Humane Society Wades Through Flood Damage

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Despite a dedicated staff and enthusiastic volunteers who work tirelessly to help homeless animals, there is no getting around the fact that the facility that houses Payson Humane Society is in deplorable condition.

Recently, when it was bitterly cold, a water pipe froze and burst in the ceiling of the shelter's clinic, spraying water for several hours over cats housed in stainless steel kennels. A puppy in a playpen on the floor received the brunt of the spray until help arrived.

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During a recent cold snap, pipes froze and burst at the Payson Humane Society shelter, flooding the building and taxing the antiquated heating system.

The heating system in the clinic is so bad that electric space heaters were being used. With the flooding, the cords to these heaters were under two inches of water. Amazingly, no people or animals were electrocuted.

When staff arrived at the shelter the next day, they found the pilot light on the antiquated propane heater -- that is supposed to heat the entire main building -- had gone out. Many cats and two small dogs are housed in this area on concrete floors that were cold as ice by the time the dead pilot light was discovered.

Typically, when the weather is cold, something freezes at the shelter.

Sometimes it is the entire water system.

When that happens, it is impossible to clean kennels and litter boxes, laundry cannot be done and mountains of blankets, towels and rugs pile up. Water freezes on the walkways, making it dangerous for staff and visitors.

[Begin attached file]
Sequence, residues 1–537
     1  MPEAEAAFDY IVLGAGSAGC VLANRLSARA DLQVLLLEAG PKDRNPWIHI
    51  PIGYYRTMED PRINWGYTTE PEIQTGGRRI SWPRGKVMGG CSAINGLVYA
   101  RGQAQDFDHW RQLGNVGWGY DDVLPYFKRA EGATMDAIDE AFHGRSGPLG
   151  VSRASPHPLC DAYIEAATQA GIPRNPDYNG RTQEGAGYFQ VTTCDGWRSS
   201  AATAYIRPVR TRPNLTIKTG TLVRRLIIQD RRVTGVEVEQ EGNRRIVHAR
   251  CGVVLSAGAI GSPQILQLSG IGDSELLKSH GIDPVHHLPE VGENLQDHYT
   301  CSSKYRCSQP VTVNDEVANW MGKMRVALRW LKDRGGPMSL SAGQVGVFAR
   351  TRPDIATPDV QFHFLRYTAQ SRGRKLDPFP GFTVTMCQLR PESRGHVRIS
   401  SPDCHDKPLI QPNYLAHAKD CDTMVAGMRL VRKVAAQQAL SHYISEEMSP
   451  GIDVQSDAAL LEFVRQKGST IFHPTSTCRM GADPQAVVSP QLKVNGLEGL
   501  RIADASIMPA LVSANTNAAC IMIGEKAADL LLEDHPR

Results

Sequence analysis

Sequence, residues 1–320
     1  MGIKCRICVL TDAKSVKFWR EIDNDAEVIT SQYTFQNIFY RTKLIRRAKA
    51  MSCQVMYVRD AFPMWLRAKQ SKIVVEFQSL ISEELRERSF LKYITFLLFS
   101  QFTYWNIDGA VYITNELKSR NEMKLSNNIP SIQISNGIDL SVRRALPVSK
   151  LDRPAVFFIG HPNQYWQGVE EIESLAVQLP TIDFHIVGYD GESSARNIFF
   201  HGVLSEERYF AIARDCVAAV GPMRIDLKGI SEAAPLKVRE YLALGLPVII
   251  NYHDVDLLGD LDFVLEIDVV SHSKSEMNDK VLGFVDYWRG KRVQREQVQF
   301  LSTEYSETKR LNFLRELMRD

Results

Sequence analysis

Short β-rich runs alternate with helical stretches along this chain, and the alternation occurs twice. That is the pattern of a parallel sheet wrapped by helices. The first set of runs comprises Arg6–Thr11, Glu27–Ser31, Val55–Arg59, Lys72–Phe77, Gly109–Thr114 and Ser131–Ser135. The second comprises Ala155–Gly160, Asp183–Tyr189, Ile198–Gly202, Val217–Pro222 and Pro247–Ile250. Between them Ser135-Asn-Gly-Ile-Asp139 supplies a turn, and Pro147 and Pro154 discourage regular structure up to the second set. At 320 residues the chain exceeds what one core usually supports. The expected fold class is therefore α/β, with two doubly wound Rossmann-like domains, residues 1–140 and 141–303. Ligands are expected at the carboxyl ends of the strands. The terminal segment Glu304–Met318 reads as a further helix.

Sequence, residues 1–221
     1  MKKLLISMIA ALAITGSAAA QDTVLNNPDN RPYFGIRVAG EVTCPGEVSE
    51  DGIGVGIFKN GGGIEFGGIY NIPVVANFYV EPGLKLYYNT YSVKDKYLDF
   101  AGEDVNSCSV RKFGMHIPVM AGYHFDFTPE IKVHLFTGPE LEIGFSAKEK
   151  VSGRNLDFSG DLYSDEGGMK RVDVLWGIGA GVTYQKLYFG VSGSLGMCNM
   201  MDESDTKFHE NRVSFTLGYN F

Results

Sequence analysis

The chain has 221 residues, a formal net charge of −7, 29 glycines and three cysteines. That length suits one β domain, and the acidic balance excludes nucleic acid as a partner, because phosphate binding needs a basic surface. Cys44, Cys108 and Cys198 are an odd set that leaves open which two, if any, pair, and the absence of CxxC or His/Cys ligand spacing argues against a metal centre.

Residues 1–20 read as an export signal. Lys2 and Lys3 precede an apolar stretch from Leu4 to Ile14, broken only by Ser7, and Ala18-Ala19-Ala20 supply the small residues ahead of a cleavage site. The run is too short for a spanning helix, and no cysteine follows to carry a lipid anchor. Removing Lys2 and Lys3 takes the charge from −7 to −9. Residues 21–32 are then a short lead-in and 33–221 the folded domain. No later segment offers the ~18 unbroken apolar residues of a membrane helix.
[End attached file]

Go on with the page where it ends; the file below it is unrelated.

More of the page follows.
Such conditions are totally unacceptable.

While the board and staff of the Payson Humane Society are working hard to find funding for the construction of a new shelter, there is still a need to make the current facility usable year-round. Among some of the most immediate needs:

  • Heat tape and insulation for the plumbing.
  • More propane or oil heaters.
  • Flooring -- some kind of washable, insulated flooring to go over the concrete in the cat houses in the main building to protect the cats from the cold.
  • Dog play yard -- crushed granite fill so the dogs don't get so muddy when it is raining or snowing.
  • New industrial dryer.

Janet Ostrom and Ellie Watson, who manage the PHS shelter, discussed some additional immediate needs.

The small propane-heating units the shelter is using in some areas are causing electrical problems, so there is a serious need to have rewiring done, Ostrom said.

"A volunteer has offered to donate an industrial strength washing machine to the shelter," she said, but to use it, more electrical upgrades are needed. And while the shelter staff, volunteers and administration appreciate all the assistance available when there is a crisis, Ostrom said it is important they have professionals helping with such things as electrical improvements.

Roofing is also needed, Watson said. A lot of the doors in the shelter are falling off the hinges, so they need to be replaced, she said.

Plans have been made to paint some parts of the shelter and the paint has been purchased, but painters are needed to complete the job.

Watson added that gift cards for pet supplies are preferred at this time because of the shelter's limited storage space.

Donations of the cost of these materials, funds for their purchase or labor are tax-deductible. If you can help, please send your check to Payson Humane Society, P.O. Box 242, Payson, AZ 85547. To donate materials or labor, call (928) 474-5590 from 9:30 a.m. to 4 p.m. Monday, Tuesday, Thursday, Friday or Saturday.

-- Teresa McQuerrey contributed to this article. She can be reached by e-mail at tmcquerrey@payson.com or call 474-5251 ext. 113.

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